The percentage of the population that will complete a marathon during their lifetime has dramatically increased. At the same time the average marathon time has also dramatically increased. On the one hand this is great. More people are getting out of the house and participating in a group activity to increase fitness. In a day and age when poor eating habits and a sedentary lifestyle are rampant, getting people involved in an activity to counteract that is often difficult. Physical exercise, is a critical component of both physical health as well as mental health. Marathons provide goals for people to strive towards and a sense of accomplishment once they reach them. In many ways the increased number of people finishing marathons, even at a slower rate, is fantastic.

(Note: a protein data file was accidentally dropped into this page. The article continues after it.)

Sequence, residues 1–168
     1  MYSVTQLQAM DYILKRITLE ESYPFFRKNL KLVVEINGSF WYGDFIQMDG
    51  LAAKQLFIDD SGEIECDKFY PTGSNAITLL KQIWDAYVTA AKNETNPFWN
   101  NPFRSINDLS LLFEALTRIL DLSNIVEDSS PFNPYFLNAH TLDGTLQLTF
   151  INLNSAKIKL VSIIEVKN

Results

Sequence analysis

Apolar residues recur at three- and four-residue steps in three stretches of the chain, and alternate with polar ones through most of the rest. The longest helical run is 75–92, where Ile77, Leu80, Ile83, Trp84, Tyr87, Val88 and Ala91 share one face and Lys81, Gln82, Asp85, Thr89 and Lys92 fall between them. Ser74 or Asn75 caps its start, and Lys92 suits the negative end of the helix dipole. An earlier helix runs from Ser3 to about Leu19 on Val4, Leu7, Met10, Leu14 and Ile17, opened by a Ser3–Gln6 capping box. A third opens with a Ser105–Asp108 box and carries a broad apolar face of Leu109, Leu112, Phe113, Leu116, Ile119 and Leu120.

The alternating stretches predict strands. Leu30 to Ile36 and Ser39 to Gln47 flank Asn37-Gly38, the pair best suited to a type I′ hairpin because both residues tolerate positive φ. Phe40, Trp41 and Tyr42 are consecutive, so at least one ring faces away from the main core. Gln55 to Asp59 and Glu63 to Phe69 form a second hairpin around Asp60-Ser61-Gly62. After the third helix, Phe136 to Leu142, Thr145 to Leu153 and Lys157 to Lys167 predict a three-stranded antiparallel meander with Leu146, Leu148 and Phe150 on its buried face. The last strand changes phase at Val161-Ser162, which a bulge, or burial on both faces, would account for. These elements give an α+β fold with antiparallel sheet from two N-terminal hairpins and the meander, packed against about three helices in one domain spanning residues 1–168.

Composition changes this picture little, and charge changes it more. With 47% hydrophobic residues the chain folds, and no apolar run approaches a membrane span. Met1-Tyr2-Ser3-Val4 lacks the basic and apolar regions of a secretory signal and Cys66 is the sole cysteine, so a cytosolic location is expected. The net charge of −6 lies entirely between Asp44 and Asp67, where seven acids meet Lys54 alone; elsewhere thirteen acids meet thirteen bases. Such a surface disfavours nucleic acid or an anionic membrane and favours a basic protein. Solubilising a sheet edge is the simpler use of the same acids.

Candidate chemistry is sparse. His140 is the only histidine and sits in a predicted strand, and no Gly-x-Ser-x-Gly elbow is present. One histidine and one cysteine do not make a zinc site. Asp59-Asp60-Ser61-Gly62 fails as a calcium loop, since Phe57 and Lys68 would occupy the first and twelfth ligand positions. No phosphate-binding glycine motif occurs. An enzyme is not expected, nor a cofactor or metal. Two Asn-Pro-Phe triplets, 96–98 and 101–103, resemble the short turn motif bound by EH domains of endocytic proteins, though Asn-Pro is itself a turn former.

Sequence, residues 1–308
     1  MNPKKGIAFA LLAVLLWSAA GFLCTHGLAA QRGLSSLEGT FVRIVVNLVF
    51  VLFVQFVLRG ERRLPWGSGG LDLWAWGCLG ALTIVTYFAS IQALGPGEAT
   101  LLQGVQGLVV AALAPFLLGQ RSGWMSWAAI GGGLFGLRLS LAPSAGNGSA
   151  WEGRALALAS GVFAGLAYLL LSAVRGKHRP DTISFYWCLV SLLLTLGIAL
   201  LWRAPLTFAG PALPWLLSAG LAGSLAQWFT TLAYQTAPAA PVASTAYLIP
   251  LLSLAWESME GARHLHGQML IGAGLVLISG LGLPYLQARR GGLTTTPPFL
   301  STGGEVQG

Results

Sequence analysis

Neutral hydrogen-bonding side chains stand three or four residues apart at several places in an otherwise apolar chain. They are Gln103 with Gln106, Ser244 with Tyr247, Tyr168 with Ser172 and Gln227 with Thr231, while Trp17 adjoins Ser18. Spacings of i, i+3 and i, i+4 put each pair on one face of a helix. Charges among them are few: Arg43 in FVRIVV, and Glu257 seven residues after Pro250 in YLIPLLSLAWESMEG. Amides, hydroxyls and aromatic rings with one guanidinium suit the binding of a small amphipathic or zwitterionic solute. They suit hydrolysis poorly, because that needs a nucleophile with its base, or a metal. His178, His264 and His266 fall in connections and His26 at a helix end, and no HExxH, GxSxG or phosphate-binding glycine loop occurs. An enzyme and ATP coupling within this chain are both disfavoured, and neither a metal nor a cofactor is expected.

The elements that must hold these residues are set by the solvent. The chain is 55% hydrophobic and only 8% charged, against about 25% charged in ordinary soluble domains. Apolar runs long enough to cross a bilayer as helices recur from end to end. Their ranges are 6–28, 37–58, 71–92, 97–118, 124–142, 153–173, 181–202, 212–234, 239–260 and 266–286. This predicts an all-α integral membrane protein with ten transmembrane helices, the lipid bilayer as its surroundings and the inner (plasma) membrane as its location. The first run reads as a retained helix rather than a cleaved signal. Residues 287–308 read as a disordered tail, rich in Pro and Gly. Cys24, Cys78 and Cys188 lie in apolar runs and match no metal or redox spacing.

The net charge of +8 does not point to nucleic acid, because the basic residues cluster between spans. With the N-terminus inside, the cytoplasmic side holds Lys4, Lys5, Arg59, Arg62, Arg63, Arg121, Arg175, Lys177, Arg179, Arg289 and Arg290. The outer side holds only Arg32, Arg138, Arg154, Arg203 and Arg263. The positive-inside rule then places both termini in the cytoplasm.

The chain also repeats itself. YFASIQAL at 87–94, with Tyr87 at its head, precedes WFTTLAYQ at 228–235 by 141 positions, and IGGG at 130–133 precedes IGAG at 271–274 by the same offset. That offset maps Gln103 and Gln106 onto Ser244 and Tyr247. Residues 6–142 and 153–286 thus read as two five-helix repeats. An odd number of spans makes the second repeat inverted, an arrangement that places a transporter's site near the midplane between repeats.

On the other hand this is also troubling. One likely reason for the increase in average marathon times is that people are entering races with less preparation than in previous decades. This is unfortunate as there seems to be a move towards treating the marathon as a bucket list item rather than a culmination of adequate and meticulous training. I had a professor who used to call examinations “celebrations of learning”. In many ways I think that in school, in running, and in life, this is a much healthier attitude to have. Today, in schools as well as in marathons there are large numbers of people who desire the external validation of a diploma, an award, or medal, rather than the internal validation of knowing they learned something or became stronger through the process of diligent planning and execution. While the external validations can be helpful measures of our progress or how our efforts compare to those around us, the internal validation, the internal compass, is far more important to long term success and development as a human being. Any idiot can fill a shelf with awards, degrees, medals, and ribbons. However the real rewards are in watching all the hours in practice, all the hours of work, all the hours of study come together into a thing of excellence. Diligently pursuing meaningful skills day after day is the way to excellence. The external validators are merely artificial finish lines and illusory goal lines. Do things that matter.